Why some testing is impossible

Lufthansa Flight 2904 was an Airbus A320-200 which overran the runway, in Okęcie International Airport on September 14, 1993. It was a flight from Frankfurt, Germany to Warsaw, Poland. Incorrect weather information caused the aircraft’s right gear touched down 770 m from the runway threshold. The left gear touched down 9 seconds later, 1525 m from the threshold. Only when the left gear touched the runway did the ground spoilers and engine thrust reversers deploy.

The accident was partially attributable to the design of the software onboard the aircraft. The landing system was designed to ensure that the thrust-reverse system and the spoilers are only activated in a landing situation, all of the following conditions have to be true for the software to deploy these systems:

1. there must be weight of over 12 tons on each main landing gear strut
2. the wheels of the plane must be turning faster than 72 knots (133 km/h)
3. the thrust levers must be in the idle (or reverse thrust) position

In the case of the Warsaw accident neither of the first two conditions were fulfilled, so the braking system was not activated. The first condition was not fulfilled because the plane landed inclined, in order to counteract anticipated windshear. The 12 tons of pressure needed to trigger the sensor was not attained. The second condition was not achieved due to the plane hydroplaning on the wet runway. When the second wheel did make contact, at 1525m, the ground spoilers and engine thrust reversers activated – however the plane was already 125m beyond the half way point of the 2800m runway.

This illustrates the fact that sometimes algorithms are designed which fail to take every eventuality into account. If the situation had never been encountered before, then it could not be incorporated into the design, nor could test cases be created. The software performed as designed.

NB: That’s not to say that testers couldn’t have thought of a series of worst-case scenarios. Interview some pilots and explore some real-world landing scenarios – use these to test the system to see how it handles them.

The art of crowdsource-testing

Sometimes you buy a new app for you iPhone or Android device (or any device for that matter), run it for a while, then it crashes. I can think of one book library app I have for my iPhone which just crashes occasionally for no apparent reason. Crashing software is nothing new of course. However what is new on many mobile devices is the lack of notification – on computers you might get a nice message like “the application X has unexpectedly quit“. On mobile devices it often just crashes. You run the program again, it may be fine… or not. Let’s face it, not every app is well tested. Many rely on a process such as user-based crowdsource-testing. People buy the app, it crashes, they report when the crash occurred and what they were doing. Enough people report similar symptoms, the developers attempt to find the bug and fix it. The bug gets fixed, the app gets updated and everyone is happy.

Why do the bugs occur in the first place? Because code is complex, and the more it has to do, the more complex it becomes. The more complex it becomes, the harder it is to test effectively. Some apps just crash because they are memory hogs. Others because they read in a spurious piece of input that they can’t deal with and baulk – in other words, there is little or no defensive programming going on. User-based crowdsource testing is an effective way for small companies to have their software tested in diverse, realistic situations to find the bugs that developers just can’t find.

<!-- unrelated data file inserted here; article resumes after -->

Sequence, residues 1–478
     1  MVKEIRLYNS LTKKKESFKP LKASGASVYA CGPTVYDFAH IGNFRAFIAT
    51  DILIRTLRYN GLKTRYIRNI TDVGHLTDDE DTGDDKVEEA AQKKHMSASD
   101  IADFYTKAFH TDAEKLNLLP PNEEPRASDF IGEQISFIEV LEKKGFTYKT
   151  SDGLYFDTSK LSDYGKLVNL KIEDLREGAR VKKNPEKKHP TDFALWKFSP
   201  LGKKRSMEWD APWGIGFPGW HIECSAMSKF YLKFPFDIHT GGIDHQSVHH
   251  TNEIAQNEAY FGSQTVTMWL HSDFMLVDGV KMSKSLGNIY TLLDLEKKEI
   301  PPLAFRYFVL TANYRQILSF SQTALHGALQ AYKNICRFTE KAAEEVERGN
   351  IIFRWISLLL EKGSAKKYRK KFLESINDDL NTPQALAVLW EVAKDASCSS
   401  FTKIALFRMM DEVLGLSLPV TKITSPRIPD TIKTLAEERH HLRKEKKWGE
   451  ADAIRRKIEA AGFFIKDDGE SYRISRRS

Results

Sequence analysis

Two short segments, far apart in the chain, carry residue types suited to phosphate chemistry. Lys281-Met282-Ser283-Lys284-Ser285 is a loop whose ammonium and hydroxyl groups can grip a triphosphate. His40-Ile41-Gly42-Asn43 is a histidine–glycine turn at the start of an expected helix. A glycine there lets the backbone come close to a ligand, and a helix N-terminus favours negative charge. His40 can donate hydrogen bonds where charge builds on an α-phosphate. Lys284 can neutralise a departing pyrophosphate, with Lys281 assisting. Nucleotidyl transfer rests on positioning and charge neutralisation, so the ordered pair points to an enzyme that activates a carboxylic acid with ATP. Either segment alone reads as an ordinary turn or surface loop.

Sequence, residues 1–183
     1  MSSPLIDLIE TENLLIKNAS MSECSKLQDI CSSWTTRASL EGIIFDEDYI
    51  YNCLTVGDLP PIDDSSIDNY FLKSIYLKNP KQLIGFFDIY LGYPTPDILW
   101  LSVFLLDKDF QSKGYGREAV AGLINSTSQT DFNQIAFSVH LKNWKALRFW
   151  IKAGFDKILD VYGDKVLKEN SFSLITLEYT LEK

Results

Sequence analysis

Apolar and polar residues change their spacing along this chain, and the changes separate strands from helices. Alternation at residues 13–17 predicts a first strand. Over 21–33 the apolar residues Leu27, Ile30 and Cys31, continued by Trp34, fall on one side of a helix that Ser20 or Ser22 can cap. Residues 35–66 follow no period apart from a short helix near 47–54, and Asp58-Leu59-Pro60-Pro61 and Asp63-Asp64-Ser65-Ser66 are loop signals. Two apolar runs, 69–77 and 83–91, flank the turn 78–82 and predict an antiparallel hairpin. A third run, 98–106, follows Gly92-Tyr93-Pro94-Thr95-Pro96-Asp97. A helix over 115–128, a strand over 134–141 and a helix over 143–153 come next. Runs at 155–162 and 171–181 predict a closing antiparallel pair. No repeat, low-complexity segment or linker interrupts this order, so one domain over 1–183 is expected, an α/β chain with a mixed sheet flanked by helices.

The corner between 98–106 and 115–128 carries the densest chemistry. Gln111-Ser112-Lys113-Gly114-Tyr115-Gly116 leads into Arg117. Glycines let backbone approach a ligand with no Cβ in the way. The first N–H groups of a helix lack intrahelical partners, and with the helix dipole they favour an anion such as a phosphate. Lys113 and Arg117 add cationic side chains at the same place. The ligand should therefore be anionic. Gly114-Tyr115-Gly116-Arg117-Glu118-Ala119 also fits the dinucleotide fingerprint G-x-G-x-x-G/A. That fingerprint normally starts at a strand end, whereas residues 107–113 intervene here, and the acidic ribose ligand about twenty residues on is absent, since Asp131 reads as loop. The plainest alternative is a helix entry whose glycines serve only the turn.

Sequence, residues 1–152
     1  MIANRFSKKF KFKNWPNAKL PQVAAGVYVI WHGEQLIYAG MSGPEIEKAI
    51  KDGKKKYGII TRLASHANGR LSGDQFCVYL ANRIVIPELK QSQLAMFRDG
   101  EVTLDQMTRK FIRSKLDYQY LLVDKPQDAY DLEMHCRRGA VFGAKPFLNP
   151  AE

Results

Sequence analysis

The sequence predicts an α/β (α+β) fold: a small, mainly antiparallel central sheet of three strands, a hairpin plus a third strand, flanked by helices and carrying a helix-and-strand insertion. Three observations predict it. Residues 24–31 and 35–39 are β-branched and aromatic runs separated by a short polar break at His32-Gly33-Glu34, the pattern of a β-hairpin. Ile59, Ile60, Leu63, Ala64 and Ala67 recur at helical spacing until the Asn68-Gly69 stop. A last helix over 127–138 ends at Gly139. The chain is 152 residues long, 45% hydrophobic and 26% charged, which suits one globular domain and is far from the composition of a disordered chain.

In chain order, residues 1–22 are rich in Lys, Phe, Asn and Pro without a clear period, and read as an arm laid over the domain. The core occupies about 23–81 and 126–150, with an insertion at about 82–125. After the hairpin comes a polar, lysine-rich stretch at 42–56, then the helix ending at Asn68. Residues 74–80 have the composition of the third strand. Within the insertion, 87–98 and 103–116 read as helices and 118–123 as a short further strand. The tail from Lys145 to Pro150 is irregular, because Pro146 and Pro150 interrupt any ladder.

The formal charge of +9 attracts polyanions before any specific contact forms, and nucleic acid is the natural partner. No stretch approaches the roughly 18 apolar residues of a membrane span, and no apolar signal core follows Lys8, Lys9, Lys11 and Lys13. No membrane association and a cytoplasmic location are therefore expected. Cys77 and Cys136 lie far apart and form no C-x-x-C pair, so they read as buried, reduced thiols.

Let’s face it software isn’t perfect. The closest thing to perfection may be the software that runs critical systems such as driverless trains – but it is also less complex than some apps.

Is programming a craft?

There have been musings over the years as to whether programming is an art or a science. Is code a form of art? Art involves creative skill and imagination – does one need to be creative to write code? Some aspects of designing programs are inherently creative – such as the process of interface design. However programming involves solving problems – which is not art. Is it a science then? Likely not. In the traditional sense of the word science relates to the phenomena of the material universe – life science or physical science. The Science Council in the UK define science as “the pursuit of knowledge and understanding of the natural and social world following a systematic methodology based on evidence”. Hardly programming. There may be elements of scientific thought used in the problem solving and algorithm design aspects of programming, but programming is not a pure science.

It may however, be a craft, which lies somewhere between an art, which relies on some form of talent, and a science, which relies on knowledge.

A craft, is an activity involving skill in making things by hand. Programming as a craft makes sense because it is a combination of skill, experience, and the use of tools. The programming artisan selects tools appropriate to the task at hand, and builds programs with them. Programmers are more like woodworkers than they are biologists or mathematicians. The only difference is that a woodworker produces a physical object, the programmer produces a virtual entity. Like many artisans, programmers also use tools to make new tools.

There may also be some primitive form of engineering involved, but engineering involves the application of scientific and mathematical principles to practical ends. Not so with programming, because there is often no distinct way of solving a problem. We craft a solution based on our experiences, the tools we know, and the information we can find.